“Emo,” for folks who don’t know, is a style of music often defined as “punk with emotion.” It’s roots go back much further than current bands like Panic at the Disco and Dashboard Confessional, but those are two examples if you use a loose description of the term. “Screamo” is where you mix emo with yell singing and “Ice Screamo” is what my two year old did the other day when the homemade ice cream man drove down our street with his dang hypnotic music. (What a horrible joke. Thank you, thank you, I’ll be here all week. Make sure you take care of your waitresses.)
Although short for “emotion,” emo music typically doesn’t pull from the entire rainbow of feelings. It tends to be kind of sad, kind of gray, kind of dark, kind of painful. And in the last year, I realized that’s how I tend to look at God.
I discovered that I am better at weeping with God, than I am at dancing with Him. I am great at coming to Him when the world has fallen apart and things are all broken and clearly beyond my control. When the puzzle of my life is missing the edge pieces, I am more than happy to empty my box with Him. But when I’m happy and things are going well, I at best send God postcards that say, “wish you were here!”
I’m not sure why I do this. I think on some level, the moment I get a taste of goodness, I get a little intoxicated on pride. I can go from “God is awesome” to “Jon is awesome” in about 1.2 seconds. I actually think I might hold the East Coast speed record. And so for the last few years, I’ve created this image of God that is very emo. He’s cloudy and weepy and downtrodden and when we get together we listen to old Cure songs and REM’s “Everybody Hurts.” Then we write some really bad poetry together and put the Counting Crows “Raining in Baltimore” on repeat while we lay in the fetal position. Good times, good times.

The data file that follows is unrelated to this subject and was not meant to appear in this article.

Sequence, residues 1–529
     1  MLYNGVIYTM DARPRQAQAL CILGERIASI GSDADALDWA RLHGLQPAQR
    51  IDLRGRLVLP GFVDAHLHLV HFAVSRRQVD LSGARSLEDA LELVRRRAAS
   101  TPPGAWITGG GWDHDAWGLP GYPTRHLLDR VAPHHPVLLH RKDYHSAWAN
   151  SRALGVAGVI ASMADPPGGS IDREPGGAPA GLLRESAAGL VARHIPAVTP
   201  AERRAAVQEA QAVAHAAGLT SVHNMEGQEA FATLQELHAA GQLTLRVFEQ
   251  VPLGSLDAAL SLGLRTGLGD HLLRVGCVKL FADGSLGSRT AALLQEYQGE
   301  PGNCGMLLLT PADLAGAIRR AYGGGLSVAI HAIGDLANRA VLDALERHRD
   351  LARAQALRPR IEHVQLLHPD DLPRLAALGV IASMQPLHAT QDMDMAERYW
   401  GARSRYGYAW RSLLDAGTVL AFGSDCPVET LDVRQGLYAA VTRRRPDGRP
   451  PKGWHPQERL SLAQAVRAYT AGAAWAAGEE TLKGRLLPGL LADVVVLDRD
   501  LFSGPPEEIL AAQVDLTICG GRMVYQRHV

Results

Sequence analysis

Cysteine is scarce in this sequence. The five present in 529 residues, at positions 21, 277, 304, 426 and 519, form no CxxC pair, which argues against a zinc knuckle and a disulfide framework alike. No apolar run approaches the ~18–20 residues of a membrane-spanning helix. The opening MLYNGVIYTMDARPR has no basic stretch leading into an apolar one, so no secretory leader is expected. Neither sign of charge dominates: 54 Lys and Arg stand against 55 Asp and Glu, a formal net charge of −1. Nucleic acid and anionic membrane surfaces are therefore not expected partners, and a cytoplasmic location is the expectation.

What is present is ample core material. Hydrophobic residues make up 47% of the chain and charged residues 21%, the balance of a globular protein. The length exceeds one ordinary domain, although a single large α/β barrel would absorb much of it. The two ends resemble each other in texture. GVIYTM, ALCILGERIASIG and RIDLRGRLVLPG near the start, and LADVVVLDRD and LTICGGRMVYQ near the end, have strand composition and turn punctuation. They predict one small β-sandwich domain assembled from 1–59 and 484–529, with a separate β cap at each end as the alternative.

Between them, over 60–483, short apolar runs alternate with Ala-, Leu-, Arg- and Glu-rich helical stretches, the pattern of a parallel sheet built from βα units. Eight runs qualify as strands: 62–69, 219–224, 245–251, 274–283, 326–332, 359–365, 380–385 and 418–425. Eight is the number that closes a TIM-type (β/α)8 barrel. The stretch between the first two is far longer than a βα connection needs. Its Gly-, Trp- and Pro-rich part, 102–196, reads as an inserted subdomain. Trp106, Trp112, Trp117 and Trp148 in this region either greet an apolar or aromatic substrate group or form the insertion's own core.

That started to change when I read something in the book of Psalms. Although I rarely quote the Bible on this site, these verses are too super fantastical to ignore. Here is what Psalm 126:1-2 says:
When the LORD brought back the captives to Zion, we were like men who dreamed.
Our mouths were filled with laughter, our tongues with songs of joy.
Then it was said among the nations, “The LORD has done great things for them.”
Wow, that is sick. They were like men who dreamed. Their mouths were filled with laughter. When is the last time you heard a non-Christian say, “I’m not a Christian but you have to admit they sure do laugh more than anyone I know. The church is so full of laughter.” I’ve never heard that.
That’s why I write silly things on this site. That’s why I’ll write rap and lessons about how to hold hands and a million other mildly amusing things. Because that’s part of our faith too. Can you believe we get to serve a God that uses laughter as a way to show the nations His love?
God is emo sometimes. There are storms and pits in our lives. But there is also laughter and joy and big, ridiculous dreams.